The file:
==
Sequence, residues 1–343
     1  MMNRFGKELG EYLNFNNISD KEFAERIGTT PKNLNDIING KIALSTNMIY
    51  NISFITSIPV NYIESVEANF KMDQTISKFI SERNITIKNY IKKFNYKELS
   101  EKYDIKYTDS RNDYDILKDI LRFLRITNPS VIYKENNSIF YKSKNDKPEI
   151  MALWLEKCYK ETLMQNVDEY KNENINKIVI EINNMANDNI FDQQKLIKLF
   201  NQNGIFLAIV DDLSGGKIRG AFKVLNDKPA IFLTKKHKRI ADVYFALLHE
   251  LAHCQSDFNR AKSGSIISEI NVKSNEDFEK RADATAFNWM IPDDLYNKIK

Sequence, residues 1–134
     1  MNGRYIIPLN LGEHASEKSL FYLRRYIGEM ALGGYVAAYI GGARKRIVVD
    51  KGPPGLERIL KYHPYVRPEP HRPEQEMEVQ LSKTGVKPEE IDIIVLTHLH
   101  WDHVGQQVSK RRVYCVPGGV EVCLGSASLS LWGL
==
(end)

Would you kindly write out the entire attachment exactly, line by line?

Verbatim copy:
Sequence, residues 1–343
     1  MMNRFGKELG EYLNFNNISD KEFAERIGTT PKNLNDIING KIALSTNMIY
    51  NISFITSIPV NYIESVEANF KMDQTISKFI SERNITIKNY IKKFNYKELS
   101  EKYDIKYTDS RNDYDILKDI LRFLRITNPS VIYKENNSIF YKSKNDKPEI
   151  MALWLEKCYK ETLMQNVDEY KNENINKIVI EINNMANDNI FDQQKLIKLF
   201  NQNGIFLAIV DDLSGGKIRG AFKVLNDKPA IFLTKKHKRI ADVYFALLHE
   251  LAHCQSDFNR AKSGSIISEI NVKSNEDFEK RADATAFNWM IPDDLYNKIK

Sequence, residues 1–134
     1  MNGRYIIPLN LGEHASEKSL FYLRRYIGEM ALGGYVAAYI GGARKRIVVD
    51  KGPPGLERIL KYHPYVRPEP HRPEQEMEVQ LSKTGVKPEE IDIIVLTHLH
   101  WDHVGQQVSK RRVYCVPGGV EVCLGSASLS LWGL